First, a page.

Being able to build resilience is an important skill for managers and leaders. Resilience is the ability to bounce back from failure, stay positive and adapt well to stress and difficult situations. You can read more about resilience at PsychCentral.
No matter who you lead, you will have bad days and stressful times. If you build resilience, you’ll be able to handle these better and stay in your role for longer, helping you to improve your career and gain credibility.
4 ways leaders can build resilience
Now we know what resilience is about, let’s look at some ways we can build resilience as leaders and managers.
1. Build resilience by being mindful
Mindfulness is a popular topic these days. For many years I avoided it, seeing it as a “new age hippie” topic. Now, I do simple mindfulness exercises every day before work.
Mindfulness helps you to remain aware of your feelings, surroundings and helps you to focus. This is important in helping to build resilience because when you are aware of your own thoughts and feelings, you can prevent yourself reacting badly to things that happen at work.
The idea is not to stop yourself from having bad thoughts or feelings. It’s about noticing when they happen, preventing you from having an automatic, emotional response.
You can learn more about mindfulness in this post from mindful.org.
2. Build resilience by being more grateful
Gratitude is yet another topic that I see everywhere. For years, I ignored it. Then, one day I decided I wanted to start feeling more positive about life. Gratitude helps you build resilience because it trains your brain to find positives in your life, even when you aren’t feeling very good.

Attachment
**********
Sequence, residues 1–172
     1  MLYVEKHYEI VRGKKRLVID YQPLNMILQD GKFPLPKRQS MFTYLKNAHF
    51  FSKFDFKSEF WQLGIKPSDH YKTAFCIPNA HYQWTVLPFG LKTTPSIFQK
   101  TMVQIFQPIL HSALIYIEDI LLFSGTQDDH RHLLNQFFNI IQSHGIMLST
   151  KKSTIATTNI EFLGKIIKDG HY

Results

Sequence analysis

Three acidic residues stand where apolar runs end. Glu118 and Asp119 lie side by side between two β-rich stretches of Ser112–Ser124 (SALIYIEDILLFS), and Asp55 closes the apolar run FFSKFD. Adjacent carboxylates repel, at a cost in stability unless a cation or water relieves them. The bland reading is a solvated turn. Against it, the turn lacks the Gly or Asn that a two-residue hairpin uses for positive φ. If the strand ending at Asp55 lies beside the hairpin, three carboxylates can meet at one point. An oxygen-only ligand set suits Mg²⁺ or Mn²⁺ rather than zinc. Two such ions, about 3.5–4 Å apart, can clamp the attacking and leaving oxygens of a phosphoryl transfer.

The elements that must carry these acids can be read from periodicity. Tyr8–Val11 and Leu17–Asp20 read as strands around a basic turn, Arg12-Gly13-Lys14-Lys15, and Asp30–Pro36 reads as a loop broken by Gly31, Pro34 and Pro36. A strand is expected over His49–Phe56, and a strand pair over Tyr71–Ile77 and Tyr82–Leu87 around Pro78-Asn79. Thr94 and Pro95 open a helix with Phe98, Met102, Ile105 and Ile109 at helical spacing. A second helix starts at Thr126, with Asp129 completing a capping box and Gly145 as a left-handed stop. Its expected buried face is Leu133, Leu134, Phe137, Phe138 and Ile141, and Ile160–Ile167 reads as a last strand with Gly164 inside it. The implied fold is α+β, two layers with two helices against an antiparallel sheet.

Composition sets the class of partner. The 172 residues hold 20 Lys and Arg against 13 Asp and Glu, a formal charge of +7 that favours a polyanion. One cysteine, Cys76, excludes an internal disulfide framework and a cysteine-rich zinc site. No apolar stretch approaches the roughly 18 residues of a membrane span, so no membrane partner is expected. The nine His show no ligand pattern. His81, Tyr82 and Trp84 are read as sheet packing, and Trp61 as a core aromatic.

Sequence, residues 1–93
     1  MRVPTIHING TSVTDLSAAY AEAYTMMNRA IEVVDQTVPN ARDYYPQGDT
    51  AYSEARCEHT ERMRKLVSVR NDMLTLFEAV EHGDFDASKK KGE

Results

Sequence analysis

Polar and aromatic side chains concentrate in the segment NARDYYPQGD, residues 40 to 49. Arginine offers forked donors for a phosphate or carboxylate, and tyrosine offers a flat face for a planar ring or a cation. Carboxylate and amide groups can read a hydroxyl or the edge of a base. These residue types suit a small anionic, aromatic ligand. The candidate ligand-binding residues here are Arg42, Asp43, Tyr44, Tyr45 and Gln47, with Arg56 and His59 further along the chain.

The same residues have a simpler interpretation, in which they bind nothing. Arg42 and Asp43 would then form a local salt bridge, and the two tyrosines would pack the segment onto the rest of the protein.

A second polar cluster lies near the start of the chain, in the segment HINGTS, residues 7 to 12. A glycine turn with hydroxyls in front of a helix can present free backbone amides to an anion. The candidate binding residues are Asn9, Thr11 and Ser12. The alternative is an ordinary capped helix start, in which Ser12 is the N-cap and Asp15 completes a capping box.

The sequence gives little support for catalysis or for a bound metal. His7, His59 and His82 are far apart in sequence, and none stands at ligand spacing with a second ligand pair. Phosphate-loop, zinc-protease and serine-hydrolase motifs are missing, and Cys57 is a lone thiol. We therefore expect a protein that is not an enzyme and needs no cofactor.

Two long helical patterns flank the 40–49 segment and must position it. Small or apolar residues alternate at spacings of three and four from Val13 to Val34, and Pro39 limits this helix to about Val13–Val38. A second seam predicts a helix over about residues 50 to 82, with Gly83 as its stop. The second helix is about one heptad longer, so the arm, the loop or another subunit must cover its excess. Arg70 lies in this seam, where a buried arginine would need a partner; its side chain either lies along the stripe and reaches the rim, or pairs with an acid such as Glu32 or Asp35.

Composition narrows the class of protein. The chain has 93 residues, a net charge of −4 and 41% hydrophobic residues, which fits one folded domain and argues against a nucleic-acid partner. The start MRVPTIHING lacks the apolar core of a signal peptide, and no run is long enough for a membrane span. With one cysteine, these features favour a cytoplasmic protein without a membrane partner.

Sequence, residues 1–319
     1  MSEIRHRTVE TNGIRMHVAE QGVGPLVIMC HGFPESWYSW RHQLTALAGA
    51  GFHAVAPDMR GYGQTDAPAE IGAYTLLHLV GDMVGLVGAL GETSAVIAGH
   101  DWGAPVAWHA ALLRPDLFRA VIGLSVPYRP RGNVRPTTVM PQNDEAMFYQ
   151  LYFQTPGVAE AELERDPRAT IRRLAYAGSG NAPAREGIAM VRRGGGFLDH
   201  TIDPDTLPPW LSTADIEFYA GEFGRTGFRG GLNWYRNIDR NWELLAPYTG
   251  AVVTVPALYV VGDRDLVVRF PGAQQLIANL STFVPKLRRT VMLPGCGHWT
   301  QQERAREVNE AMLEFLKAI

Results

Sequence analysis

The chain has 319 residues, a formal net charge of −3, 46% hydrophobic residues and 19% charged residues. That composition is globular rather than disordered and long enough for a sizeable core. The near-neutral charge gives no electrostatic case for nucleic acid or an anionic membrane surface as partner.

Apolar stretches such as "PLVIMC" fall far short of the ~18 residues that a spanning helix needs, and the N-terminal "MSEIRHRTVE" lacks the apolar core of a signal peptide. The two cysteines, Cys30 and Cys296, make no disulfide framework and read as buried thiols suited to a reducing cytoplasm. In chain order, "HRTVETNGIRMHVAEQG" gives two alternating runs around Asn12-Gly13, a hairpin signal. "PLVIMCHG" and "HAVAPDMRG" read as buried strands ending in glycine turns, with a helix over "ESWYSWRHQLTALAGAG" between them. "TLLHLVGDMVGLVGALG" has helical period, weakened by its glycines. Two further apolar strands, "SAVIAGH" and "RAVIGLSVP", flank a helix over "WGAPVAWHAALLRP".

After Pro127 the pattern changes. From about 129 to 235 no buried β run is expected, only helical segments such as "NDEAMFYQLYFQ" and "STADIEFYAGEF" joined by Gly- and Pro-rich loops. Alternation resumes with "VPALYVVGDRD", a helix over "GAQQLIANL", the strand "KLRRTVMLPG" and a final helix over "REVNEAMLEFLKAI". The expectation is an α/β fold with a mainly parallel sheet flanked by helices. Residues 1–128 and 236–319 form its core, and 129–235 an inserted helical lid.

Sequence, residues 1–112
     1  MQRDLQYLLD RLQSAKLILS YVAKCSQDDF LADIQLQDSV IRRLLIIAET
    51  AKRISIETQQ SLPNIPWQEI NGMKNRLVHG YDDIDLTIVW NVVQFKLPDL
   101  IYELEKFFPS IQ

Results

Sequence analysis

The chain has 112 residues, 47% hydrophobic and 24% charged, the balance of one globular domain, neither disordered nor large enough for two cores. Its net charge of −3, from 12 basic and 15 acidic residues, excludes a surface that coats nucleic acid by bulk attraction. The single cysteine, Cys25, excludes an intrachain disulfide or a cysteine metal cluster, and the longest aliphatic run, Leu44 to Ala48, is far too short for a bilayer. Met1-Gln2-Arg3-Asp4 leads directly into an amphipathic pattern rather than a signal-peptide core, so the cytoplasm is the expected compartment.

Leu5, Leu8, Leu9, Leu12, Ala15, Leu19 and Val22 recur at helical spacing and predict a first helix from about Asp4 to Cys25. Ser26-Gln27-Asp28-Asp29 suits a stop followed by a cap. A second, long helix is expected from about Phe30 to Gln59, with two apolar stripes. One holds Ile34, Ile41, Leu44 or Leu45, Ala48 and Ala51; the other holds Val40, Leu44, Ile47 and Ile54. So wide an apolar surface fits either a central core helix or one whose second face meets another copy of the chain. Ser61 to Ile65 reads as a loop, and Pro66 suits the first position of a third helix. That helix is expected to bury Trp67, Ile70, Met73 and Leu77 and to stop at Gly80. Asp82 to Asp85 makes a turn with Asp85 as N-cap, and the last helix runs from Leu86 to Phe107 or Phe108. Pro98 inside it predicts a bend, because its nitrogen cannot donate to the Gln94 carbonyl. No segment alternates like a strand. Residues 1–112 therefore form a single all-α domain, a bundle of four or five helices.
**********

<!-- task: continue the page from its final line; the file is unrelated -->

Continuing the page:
If you can form a habit of finding the positives in situations, you’re more likely to be able to do this at work, too. It stops everything from feeling like “doom and gloom”.
You can try it yourself, it’s simple. Every day, write down five things you are grateful for. They can be really important things, or trivial things that you sometimes take for granted. For me, my wife and family appear in my gratitude list frequently. But sometimes, you might include small things like being grateful for your morning cup of coffee.
What matters is that you build resilience by training your brain to notice the positive parts of work and life.
3. Build resilience by being fit and healthy
You might think that your general fitness levels have nothing to do with leadership. For me, that’s not the case at all. I find when I feel fit and healthy, I feel more confident in general.
Then, when I face a challenge at work, I am more likely to feel as if I can overcome it. Not because of my fitness levels, but because of the general confidence that being healthy brings.
Of course, being healthy is good anyway and it can also help you to resist the harmful effects of stress.
4. Build resilience by knowing when you’ve had enough
Resilience doesn’t mean you should be happy with constant stress and unhappiness. You don’t build resilience just so that you can handle a toxic workplace. Sure, resilience helps, but in a toxic workplace, no matter how resilient you are, you will eventually struggle.
Resilience is also about having a sense of self-worth. Knowing that you are a good and capable person. You don’t build resilience by constantly putting up with horrible people and bad work environments. This usually destroys self confidence and can make you feel worthless.
Make sure you keep track of your own stress levels and feelings and understand when you’ve had enough. Sometimes, people think that resilience means putting up with rubbish for long periods. This is more likely to make you unhappy than to build real resilience. Know when to quit.
If you do work in a toxic environment, you can read this post about how to survive it.
Building resilience is important for any type of leader or manager. You need to be able to handle your role effectively and still feel good about yourself. I ignored resilience for years. But when I started working on it, I saw the benefits that it brings.